Cas Middlemas, Bradford Socialist Party

Ambulance waiting times spiked to over 90 minutes in December. 18 minutes is the target.

17% of people in the UK are disabled. For them, these problems can be life threatening.

Many disabled people rely on the safety net of emergency care, as their health is more likely to deteriorate rapidly than non-disabled people. Disabled adults are three times more likely to have heart disease and strokes than non-disabled adults.

Lack of resources for disabled people also means they often depend on emergency services, instead of scheduled assistance. These factors make easily accessible emergency care essential for disabled people in their daily lives.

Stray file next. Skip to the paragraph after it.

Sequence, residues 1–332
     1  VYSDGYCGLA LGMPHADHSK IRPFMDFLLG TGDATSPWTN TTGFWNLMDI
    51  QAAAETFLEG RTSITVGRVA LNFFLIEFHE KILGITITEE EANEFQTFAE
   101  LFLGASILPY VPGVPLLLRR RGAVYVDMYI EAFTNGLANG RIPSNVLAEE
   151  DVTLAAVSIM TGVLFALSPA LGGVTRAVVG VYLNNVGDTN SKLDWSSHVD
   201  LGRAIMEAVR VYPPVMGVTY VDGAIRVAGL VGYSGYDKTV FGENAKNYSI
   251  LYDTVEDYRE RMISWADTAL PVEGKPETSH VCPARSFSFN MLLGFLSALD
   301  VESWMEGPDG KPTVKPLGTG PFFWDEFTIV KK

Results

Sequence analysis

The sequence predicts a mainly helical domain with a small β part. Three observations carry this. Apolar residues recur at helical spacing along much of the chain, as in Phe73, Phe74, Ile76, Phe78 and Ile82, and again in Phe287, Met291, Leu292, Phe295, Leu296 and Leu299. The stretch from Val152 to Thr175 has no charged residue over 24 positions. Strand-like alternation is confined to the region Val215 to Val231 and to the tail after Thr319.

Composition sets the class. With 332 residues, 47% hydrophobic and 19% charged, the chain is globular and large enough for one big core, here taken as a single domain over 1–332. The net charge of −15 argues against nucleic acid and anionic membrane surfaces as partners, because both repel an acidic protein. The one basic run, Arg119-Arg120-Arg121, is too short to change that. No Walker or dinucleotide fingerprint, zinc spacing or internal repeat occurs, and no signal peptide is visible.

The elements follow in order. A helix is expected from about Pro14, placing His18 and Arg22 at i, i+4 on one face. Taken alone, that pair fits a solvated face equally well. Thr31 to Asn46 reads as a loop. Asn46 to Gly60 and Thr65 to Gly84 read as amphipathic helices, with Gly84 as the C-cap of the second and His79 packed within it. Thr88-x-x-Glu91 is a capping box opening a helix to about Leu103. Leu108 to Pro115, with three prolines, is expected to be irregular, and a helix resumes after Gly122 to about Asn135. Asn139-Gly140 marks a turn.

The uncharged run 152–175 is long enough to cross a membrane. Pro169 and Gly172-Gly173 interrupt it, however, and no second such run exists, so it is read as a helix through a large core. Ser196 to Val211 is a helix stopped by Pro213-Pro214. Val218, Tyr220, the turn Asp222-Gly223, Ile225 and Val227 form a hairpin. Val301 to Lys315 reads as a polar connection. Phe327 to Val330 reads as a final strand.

Last year, I waited 27 hours in an A&E corridor until I finally met with a nurse, and was soon sent home. The sad reality, she told me, was that there were no beds available for someone with my problems anywhere in England. How are healthcare workers supposed to do their jobs when the required resources simply don’t exist?

The healthcare budget has increased by an average of 1.5% in cash terms each year since 2010. But that’s less than half what is necessary to keep up with demand. Rising inflation and energy prices also affect the NHS budget.

The solution is simple – fully fund the NHS. Nurses cannot do their jobs if they’ve nowhere for their patients to stay.

They also can’t do their jobs if they’re being overworked and underpaid. The demands of striking healthcare workers must be met.

This problem is directly caused by austerity, and if we don’t solve it, the lives of disabled people, and all of us, are on the line.